At a Glance | May 8

Ocean County: Point Pleasant Man Charged With Plotting to Detonate Pressure-Cooker Bomb in New York City

A Point Pleasant man was plotting to build a pressure-cooker bomb (similar to the one shown in the photo) and detonate it in New York City in support of ISIS, federal prosecutors said on May 5. Gregory Lepsky, age 20, was charged with attempting to provide material support to ISIS. He was taken into custody on February 21, after a family member notified Point Pleasant police that Lepsky said he had a weapon and was going to kill the family dog. When officers responded, Lepsky came out of the house, bleeding from one of his arms. According to the criminal complaint, while being treated by paramedics, Lepsky said that he planned to kill his mother and that he had pledged his allegiance to “Allah.” He further stated that he had stabbed the family dog because, in his view of Islam, a dog was “dirty.” In the house, officers found a dog with a large slash wound to its back, but still alive.

During a search of the residence, officers found a pressure cooker that had been stored behind a roll of bubble wrap in Lepsky’s closet, as well as several books on jihad and suicide bombing.

According to the criminal complaint, Lepsky said he had joined ISIS and had plane tickets to Turkey. While being transported to a hospital, he told medical personnel, in the presence of law enforcement officers, that he had communicated with ISIS through social media and that he planned to use a pressure cooker to make a bomb and place it in a busy area of New York City to “kill as many people as possible.” He said that he had watched several videos related to bombmaking on the Internet. He further told a hospital employee that he was trying to be a suicide bomber, but that the police caught him while he was planning the attack. On February 22, Lepsky spontaneously told a police officer that he planned to purchase black musket gunpowder online and use it in the pressure cooker that he had in his room, according to the criminal complaint. He also said he regretted trying to kill the family dog, because if he had not done so, he believed police would not have discovered his plan.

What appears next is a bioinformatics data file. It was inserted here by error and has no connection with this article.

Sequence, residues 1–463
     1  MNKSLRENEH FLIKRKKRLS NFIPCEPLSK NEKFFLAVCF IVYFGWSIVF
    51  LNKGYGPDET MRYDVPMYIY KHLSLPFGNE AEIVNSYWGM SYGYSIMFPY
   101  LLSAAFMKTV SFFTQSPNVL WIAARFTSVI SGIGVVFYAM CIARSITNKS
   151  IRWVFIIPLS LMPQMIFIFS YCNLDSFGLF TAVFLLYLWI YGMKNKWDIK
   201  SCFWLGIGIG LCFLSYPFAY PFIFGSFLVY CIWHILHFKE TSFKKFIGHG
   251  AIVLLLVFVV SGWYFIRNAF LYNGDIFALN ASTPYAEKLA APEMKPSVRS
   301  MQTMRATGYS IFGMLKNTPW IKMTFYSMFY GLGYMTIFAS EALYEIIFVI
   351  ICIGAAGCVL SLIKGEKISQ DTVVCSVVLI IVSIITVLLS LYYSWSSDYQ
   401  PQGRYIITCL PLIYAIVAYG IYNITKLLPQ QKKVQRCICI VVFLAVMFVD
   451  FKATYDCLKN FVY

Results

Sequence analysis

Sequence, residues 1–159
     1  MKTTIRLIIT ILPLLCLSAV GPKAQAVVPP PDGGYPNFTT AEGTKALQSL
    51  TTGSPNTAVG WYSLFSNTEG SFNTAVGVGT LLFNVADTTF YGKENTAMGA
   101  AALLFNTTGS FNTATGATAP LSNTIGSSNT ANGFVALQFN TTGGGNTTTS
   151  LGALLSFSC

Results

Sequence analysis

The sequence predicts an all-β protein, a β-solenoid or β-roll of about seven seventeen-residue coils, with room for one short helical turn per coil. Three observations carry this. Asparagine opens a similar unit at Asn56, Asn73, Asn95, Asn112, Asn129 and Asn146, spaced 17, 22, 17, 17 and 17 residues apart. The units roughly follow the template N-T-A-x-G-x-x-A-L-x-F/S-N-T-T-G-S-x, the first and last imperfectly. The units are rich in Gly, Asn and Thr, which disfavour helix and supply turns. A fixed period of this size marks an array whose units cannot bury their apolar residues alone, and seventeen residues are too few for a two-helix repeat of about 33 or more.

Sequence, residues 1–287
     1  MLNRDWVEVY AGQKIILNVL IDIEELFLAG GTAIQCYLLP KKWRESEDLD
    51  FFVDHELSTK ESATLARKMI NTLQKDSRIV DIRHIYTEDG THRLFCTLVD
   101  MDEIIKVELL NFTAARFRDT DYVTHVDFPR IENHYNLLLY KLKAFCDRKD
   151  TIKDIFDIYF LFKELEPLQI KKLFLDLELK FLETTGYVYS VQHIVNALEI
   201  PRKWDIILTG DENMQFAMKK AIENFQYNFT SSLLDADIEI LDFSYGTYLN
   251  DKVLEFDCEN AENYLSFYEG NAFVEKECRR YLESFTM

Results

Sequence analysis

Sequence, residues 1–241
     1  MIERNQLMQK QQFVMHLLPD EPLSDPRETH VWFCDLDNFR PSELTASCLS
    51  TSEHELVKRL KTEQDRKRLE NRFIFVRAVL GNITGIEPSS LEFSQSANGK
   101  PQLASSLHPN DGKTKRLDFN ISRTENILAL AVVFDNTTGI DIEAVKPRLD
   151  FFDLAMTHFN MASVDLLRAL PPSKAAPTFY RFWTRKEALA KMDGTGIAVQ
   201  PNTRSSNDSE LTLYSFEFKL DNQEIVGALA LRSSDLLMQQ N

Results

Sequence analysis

Investigators also searched Lepsky’s cell phone and found that he had conducted research on how to make a pressure-cooker bomb—specifically, the article in Inspire magazine, published by al-Qa’ida in the Arabian Peninsula (AQAP), titled “How to Make a Bomb in the Kitchen of Your Mom.” The article includes detailed instructions for building a pressure-cooker bomb. It also lists the items needed, including a pressure cooker, a timing device, and wooden matches—which were found in the Lepsky residence.


Anarchists: Philadelphia Vandalism Indicates “Anti-Gentrification” Violence May Be Spreading to the East Coast

On May 1, vandals associated with the anarchist movement attacked luxury cars and newly built apartment buildings in a Philadelphia neighborhood, indicating that “anti-gentrification” violence may be spreading to the East Coast. Anti-gentrification vandalism and arson—protesting the influx of more affluent residents into declining urban neighborhoods—have been reported on the West Coast, in the Midwest, and in Canada since 2011, but last week’s vandalism spree in Philadelphia indicates that this phenomenon could become a threat in other regions as well.

In the Kensington neighborhood of Philadelphia, a group of 30 to 50 people, wearing all black, smashed windows in newer buildings, damaged high-end vehicles such as Mercedes and BMWs, and spray-painted anarchist symbols and profanity. One of the signs left in the neighborhood said, “Gentrification is Death, Revolt is Life” (see photo). Two suspects associated with an anarchist group were arrested after neighborhood residents reportedly held them until police arrived. They have been charged with causing a catastrophe, criminal mischief, and other offenses.


For more information, please contact NJOHSP's Analysis Bureau at analysis@njohsp.gov or 609-584-4000.